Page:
New antibiotics from ants and plants (WILKINSON_J18DTP2)

Employer
John Innes Centre
Location
Other
Posted
October 06 2017
Discipline
Life Sciences, Biology
Position Type
Full Time
Organization Type
Academia

Antimicrobial resistance (AMR) is an increasingly serious threat to global public health, but is an inevitable consequence of the use of antibiotics. This studentship will seek to discover new antifungal and antibacterial agents from plant endophytic bacteria, and the bacterial mutualists that live on the cuticle of fungus farming ants. The project is collaborative with Professor Matt Hutchings at UEA.


Penicillin isolated from the fungus Penicillium notatum sparked ‘The Golden Age of Antibiotics' which spanned the 1940's to 1960's when most major classes of antibiotics were discovered. Indeed, the majority of antibiotics in clinical use today are derived from natural products made by microorganisms. Natural products are important for the treatment of malaria and parasitic diseases (see 2015 Nobel Prize for Medicine), and as environmentally benign agrochemicals to increase crop yields which can help feed the growing population.


Alarmingly, the pipeline of new antibiotics has dried up at a time when AMR and emerging new pathogens has made their discovery a matter of extreme urgency.


The student will have access to cutting-edge research facilities within JIC and UEA as well as a stimulating research and training environment. They will be part of an interdisciplinary team and through the project they will gain an excellent foundation in natural products chemistry, molecular microbiology, microbial biotechnology and synthetic biology. They will mine multiple microbial genomes to identify new natural products with anti-infective activity. There will be opportunity to interact with industry and other research institutes.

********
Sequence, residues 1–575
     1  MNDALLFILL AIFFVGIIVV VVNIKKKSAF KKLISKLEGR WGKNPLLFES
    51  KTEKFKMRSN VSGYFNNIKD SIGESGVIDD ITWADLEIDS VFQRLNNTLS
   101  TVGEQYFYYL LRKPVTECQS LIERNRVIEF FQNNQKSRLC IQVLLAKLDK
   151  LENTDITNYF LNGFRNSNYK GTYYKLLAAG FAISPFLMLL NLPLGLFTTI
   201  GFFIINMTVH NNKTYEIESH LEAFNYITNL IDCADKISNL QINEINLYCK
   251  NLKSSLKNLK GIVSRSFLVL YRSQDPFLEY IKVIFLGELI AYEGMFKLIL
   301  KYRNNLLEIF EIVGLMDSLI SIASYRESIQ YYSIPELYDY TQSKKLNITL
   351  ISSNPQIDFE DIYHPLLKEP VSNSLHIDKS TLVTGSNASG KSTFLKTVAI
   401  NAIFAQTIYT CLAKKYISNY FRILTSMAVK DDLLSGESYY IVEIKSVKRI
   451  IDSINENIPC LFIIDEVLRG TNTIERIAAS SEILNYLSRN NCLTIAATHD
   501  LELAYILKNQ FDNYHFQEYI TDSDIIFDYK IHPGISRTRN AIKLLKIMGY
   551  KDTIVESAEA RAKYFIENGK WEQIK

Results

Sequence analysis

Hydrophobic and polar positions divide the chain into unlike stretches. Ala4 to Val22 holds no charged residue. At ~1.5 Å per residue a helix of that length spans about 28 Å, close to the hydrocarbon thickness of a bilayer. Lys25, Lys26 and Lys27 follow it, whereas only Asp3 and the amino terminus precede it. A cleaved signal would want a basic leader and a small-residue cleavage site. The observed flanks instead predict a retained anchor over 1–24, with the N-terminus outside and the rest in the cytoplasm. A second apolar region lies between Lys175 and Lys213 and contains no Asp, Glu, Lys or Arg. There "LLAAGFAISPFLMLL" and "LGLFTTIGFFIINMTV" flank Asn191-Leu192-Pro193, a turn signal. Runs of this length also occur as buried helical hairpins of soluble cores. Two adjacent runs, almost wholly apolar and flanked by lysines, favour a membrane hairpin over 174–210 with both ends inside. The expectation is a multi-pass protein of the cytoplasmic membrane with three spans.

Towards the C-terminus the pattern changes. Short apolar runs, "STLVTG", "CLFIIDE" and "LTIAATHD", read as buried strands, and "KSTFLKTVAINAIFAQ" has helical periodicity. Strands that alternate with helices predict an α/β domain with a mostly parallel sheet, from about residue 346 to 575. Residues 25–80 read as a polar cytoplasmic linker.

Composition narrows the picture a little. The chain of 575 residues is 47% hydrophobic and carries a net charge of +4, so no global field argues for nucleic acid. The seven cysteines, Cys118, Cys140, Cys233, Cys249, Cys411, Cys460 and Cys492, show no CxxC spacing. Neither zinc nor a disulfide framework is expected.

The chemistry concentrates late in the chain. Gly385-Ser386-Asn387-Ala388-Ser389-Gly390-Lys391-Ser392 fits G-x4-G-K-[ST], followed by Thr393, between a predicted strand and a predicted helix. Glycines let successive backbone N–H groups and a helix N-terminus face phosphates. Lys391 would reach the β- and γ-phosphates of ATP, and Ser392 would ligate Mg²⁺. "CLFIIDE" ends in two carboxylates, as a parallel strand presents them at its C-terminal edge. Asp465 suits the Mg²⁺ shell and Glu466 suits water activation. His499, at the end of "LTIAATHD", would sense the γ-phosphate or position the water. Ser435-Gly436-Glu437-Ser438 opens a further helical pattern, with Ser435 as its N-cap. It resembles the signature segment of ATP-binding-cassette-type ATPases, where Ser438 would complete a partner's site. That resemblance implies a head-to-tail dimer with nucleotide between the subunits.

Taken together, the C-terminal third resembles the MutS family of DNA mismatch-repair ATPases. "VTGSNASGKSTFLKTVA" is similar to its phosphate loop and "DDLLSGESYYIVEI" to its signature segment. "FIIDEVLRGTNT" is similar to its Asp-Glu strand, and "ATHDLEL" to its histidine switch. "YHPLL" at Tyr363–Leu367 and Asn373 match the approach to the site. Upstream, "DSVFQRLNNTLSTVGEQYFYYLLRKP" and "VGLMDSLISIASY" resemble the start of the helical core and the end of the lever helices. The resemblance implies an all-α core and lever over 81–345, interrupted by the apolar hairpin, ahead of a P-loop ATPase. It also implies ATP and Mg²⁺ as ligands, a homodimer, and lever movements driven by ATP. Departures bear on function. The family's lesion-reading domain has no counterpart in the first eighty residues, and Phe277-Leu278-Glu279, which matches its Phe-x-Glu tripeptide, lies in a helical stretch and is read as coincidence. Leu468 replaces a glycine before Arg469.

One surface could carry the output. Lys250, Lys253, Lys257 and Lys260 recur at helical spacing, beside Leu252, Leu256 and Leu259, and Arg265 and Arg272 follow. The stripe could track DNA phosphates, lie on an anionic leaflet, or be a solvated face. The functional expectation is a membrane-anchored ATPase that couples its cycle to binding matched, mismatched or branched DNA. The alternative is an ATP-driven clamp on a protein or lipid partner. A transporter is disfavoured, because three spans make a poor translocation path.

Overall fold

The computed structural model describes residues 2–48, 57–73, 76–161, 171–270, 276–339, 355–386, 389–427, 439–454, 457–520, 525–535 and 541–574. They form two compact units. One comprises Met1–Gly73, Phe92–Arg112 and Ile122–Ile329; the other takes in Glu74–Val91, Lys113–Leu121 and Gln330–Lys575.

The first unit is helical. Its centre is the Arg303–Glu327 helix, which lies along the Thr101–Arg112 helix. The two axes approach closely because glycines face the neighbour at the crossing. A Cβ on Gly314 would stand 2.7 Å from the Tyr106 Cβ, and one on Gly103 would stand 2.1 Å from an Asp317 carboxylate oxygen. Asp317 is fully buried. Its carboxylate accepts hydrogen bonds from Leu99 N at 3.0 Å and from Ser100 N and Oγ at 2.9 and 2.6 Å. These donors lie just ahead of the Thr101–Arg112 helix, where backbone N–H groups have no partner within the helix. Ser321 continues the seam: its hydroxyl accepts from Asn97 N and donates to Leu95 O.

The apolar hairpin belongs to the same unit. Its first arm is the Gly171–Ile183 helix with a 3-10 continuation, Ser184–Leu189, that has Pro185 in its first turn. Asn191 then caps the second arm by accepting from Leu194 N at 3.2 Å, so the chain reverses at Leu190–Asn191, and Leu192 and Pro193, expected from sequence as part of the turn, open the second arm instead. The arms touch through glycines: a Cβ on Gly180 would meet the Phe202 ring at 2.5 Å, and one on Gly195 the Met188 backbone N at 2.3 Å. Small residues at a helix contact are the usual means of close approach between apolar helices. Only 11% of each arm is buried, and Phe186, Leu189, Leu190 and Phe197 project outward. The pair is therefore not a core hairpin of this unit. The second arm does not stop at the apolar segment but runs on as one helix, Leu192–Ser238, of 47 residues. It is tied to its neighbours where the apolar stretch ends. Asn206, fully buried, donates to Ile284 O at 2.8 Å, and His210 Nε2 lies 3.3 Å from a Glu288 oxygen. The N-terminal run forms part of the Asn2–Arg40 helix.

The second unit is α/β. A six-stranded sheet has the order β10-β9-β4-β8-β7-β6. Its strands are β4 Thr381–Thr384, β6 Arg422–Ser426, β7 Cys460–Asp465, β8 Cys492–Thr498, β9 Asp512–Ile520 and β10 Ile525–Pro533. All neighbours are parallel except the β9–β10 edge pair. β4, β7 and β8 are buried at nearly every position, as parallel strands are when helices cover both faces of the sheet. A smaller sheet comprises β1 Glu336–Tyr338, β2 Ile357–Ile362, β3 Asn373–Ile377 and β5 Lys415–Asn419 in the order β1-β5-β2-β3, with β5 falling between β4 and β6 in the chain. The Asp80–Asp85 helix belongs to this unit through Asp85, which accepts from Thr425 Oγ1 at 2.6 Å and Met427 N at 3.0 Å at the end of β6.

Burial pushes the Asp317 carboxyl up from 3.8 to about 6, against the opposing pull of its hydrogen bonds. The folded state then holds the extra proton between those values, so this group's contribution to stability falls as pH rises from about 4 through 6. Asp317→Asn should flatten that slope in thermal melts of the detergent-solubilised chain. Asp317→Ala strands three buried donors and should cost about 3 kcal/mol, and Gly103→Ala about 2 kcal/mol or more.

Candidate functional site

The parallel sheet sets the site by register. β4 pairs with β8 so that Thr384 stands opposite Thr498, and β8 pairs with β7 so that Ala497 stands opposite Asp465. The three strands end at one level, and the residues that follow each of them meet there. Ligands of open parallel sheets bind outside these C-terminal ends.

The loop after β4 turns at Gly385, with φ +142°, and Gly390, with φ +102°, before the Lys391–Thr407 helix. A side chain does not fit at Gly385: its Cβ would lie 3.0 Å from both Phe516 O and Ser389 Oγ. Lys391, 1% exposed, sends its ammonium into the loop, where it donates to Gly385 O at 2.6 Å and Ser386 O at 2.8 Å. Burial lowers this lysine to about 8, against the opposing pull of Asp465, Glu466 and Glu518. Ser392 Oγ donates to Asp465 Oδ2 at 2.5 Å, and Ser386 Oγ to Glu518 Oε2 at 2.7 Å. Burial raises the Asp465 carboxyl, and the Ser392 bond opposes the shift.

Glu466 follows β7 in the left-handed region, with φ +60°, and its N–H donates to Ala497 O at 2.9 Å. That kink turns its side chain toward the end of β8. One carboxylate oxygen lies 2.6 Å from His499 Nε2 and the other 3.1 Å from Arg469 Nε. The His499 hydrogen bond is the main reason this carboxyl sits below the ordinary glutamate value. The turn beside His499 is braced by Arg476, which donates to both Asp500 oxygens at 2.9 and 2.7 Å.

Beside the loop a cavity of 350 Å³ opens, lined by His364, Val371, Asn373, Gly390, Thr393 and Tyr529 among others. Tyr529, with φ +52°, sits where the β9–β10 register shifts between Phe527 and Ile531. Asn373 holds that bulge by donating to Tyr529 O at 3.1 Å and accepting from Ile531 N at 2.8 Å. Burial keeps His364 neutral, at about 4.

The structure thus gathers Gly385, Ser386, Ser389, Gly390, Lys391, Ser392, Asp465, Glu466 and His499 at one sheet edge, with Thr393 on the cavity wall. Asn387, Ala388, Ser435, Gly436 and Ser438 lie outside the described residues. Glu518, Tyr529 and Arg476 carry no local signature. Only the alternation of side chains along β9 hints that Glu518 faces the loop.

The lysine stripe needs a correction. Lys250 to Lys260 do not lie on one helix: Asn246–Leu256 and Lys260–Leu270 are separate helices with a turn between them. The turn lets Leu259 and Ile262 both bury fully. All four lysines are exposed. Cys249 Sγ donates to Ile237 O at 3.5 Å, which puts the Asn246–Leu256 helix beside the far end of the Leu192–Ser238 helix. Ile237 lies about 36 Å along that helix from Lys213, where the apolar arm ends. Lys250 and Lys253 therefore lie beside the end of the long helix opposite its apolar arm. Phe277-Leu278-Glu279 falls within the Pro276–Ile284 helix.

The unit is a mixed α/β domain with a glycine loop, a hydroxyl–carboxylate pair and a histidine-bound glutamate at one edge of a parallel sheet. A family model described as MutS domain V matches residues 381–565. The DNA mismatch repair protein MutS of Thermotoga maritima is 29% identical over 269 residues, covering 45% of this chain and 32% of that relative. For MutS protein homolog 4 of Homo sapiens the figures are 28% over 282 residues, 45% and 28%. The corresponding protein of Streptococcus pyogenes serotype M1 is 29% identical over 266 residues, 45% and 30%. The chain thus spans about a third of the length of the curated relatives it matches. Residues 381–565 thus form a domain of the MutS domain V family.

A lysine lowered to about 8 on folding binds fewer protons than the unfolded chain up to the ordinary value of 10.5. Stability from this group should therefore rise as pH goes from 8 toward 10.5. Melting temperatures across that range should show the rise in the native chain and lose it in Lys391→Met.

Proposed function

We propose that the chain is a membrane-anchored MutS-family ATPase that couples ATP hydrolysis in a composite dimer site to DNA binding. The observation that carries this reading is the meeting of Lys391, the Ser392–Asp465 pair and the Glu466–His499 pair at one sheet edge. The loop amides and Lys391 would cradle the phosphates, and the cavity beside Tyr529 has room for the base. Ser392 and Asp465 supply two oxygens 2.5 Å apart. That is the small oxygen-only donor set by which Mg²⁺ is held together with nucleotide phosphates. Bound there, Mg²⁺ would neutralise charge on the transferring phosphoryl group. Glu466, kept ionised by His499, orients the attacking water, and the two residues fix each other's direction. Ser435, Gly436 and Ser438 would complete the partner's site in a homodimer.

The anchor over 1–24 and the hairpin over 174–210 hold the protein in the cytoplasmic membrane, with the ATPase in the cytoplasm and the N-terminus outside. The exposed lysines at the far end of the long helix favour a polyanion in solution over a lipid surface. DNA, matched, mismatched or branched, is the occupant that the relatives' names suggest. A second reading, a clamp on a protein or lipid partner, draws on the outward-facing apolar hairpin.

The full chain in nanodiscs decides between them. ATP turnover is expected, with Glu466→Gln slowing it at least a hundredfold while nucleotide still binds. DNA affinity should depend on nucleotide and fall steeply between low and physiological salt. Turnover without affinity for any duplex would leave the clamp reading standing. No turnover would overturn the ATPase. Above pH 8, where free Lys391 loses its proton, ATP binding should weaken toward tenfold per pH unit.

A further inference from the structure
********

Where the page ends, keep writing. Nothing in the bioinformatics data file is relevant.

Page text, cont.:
The combination of skills and experience provided by this studentship will make the successful candidate highly employable in academia and industry.


This project has been shortlisted for funding by the Norwich Biosciences Doctoral Training Partnership (NRPDTP). Shortlisted applicants will be interviewed as part of the studentship competition. Candidates will be interviewed on either the 9th, 10th or 11th January 2018.


The Norwich Biosciences Doctoral Training Partnership (NRPDTP) offers postgraduates the opportunity to undertake a 4 year research project whilst enhancing professional development and research skills through a comprehensive training programme. You will join a vibrant community of world-leading researchers. All NRPDTP students undertake a three month professional internship (PIPS) during their study. The internship offers exciting and invaluable work experience designed to enhance professional development. Full support and advice will be provided by our Professional Internship team. Students with, or expecting to attain, at least an upper second class honours degree, or equivalent, are invited to apply.


For further information and to apply, please visit our website: http://www.biodtp.norwichresearchpark.ac.uk


Funding notes


Full Studentships cover a stipend (RCUK rate: £14,553pa - 2017/8), research costs and tuition fees at UK/EU rate, and are available to UK and EU students who meet the UK residency requirements.


Students from EU countries who do not meet the UK residency requirements may be eligible for a fees-only award. Students in receipt of a fees-only award will be eligible for a maintenance stipend awarded by the NRPDTP Bioscience Doctoral Scholarships, which when combined will equal a full studentship. To be eligible students must meet the EU residency requirements. Details on eligibility for funding on the BBSRC website: http://www.bbsrc.ac.uk/web/FILES/Guidelines/studentship_eligibility.pdf



This job comes from a partnership with Science Magazine and Euraxess